What is Happening?

Saugatuck’s just-completed 2012 global survey of SaaS/Cloud business solution adoption and use shows several patterns that indicate how the acquisition, use, and management of SaaS (and other Cloud-based IT services) is changing, based on changed enterprise business goals and priorities.

The 52-page research data analysis report from this survey that identifies the key trends shaping – and re-shaping – software acquisition, use, provision and markets, along with IT and business roles, was published and distributed last week to clients of Saugatuck’s Continuous Research Services (CRS) subscription research and inquiry program. Additional in-depth analysis will be provided to Saugatuck CRS clients through a series of Strategic Research Reports and Strategic Perspectives. An abridged 13-page version of this report is available for downloading to all registered members of Saugatuck’s website, including recipients of our weekly Research Alerts as well as Information Management readers, by clicking here (complimentary – but registration required).

One of the most important themes in the report, based on our survey analysis, is that the acquisition and use of SaaS is shifting quickly from being cost-driven to being a means of enabling more effective and efficient business operations.

This has severe implications for how SaaS (and Cloud in general) are acquired; for the value propositions of SaaS/Cloud providers; and for the mission and roles of IT leaders and organizations.

Why is it Happening?

Our brand-new report investigates and analyzes a deep and broad range of data from more than 220 survey participants, in the context of Saugatuck’s ongoing SaaS/Cloud research programs. Key data points from the report that help paint the picture of not only what is being acquired and used, but why – i.e., the business needs behind IT investments, the business benefits expected from SaaS, and the biggest concerns of SaaS users. The report examines and analyzes the survey data, along with information from user interviews and provider briefings, to identify the patterns in the data and translate those into trends, and into guidance for Saugatuck clients.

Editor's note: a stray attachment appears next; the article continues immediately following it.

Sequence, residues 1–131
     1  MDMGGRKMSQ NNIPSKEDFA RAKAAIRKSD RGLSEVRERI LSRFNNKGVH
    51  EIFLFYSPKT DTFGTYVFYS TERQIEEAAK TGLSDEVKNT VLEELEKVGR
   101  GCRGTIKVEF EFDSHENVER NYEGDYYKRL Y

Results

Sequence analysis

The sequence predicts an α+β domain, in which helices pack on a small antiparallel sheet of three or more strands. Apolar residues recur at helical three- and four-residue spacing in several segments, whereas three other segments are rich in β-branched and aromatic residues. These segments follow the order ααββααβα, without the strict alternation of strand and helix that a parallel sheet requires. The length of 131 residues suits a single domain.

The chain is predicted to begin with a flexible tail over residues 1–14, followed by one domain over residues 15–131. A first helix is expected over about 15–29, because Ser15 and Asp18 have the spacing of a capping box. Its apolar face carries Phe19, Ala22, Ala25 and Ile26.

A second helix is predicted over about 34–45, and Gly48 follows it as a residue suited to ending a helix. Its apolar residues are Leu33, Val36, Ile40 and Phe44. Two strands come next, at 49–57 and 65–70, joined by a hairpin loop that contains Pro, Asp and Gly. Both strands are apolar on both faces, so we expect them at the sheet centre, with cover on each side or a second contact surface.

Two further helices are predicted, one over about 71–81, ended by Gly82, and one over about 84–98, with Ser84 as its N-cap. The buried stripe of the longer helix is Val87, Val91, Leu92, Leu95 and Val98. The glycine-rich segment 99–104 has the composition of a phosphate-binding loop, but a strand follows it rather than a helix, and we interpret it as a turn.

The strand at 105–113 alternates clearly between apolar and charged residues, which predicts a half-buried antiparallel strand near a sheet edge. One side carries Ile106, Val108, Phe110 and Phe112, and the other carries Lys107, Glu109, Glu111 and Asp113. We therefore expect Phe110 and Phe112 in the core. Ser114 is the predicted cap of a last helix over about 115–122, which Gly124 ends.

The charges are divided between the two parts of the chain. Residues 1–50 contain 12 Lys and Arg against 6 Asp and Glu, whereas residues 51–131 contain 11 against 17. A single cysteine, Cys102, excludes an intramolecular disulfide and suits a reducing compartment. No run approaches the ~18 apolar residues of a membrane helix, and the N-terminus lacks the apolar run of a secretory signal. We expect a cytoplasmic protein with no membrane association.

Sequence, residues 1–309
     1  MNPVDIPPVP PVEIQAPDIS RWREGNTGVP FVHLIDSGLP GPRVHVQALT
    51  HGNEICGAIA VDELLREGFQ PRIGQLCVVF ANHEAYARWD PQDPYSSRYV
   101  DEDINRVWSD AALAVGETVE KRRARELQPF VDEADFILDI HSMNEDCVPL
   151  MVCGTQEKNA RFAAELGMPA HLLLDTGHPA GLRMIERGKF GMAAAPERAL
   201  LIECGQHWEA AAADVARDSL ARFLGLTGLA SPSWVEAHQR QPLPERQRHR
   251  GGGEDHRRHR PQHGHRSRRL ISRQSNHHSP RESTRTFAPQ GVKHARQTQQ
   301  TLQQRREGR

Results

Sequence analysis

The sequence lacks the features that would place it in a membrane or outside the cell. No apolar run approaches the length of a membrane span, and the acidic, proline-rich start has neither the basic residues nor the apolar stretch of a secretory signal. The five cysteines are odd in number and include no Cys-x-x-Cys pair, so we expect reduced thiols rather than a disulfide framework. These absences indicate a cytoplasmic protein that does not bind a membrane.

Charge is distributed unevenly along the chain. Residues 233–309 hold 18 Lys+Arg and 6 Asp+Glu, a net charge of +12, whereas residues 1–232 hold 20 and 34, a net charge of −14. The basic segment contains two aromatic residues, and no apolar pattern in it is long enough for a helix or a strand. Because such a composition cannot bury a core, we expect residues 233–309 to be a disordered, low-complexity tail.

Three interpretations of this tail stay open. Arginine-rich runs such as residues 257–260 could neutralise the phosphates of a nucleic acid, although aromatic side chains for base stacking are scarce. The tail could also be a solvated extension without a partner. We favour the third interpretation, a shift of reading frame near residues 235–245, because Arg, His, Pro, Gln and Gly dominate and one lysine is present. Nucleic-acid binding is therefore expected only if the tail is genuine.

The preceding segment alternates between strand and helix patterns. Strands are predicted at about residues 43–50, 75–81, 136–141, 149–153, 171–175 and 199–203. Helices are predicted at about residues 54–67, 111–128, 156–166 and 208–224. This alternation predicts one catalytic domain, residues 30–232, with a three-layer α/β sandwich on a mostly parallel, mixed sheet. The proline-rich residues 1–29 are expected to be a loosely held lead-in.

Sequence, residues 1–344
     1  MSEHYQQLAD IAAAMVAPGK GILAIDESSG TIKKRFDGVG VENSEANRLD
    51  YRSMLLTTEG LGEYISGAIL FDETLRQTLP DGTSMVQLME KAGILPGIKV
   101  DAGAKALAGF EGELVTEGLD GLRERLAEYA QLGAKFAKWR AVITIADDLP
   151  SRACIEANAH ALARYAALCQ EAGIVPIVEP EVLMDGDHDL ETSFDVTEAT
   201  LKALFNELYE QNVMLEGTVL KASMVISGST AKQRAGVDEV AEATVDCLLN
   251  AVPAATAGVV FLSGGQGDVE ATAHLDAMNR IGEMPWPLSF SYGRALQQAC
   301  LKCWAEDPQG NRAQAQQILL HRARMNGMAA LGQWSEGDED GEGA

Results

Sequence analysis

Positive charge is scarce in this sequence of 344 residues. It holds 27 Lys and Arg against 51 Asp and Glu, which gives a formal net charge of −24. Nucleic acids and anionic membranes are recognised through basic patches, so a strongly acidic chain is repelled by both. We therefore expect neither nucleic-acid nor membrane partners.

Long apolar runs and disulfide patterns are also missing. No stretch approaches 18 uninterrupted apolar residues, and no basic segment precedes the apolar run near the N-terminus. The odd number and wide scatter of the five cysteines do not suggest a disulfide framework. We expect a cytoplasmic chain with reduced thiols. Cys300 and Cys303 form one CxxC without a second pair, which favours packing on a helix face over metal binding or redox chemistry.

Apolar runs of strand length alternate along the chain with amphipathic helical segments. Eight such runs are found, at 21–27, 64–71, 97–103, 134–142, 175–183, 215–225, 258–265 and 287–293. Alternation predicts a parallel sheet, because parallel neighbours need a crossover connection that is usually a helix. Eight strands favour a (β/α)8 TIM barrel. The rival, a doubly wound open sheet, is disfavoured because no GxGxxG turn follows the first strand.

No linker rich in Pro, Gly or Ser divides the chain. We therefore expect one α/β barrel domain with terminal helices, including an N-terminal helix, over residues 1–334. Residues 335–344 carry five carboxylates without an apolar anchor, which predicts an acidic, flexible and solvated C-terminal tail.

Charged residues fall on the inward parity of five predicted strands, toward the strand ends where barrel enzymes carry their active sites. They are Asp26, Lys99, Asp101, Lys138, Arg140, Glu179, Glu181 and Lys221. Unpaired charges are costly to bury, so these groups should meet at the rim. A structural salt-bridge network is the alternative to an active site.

The key themes and highlights helping to paint the new picture of business and SaaS, and therefore the new mission and roles of IT, include the following:

It’s about business improvement. Enterprise IT and business executives alike are focused on business goals that emphasize revenue growth built from existing business footprints, combined with improving profitability rather than business expansion.

This emphasis on improving existing operations and market profitability is a critical influence on IT acquisition, use, and management decisions. It suggests that SaaS provider value propositions based on cost savings are becoming less well-received; emphases on how SaaS/Cloud enables business (especially operational) improvement will be much more influential.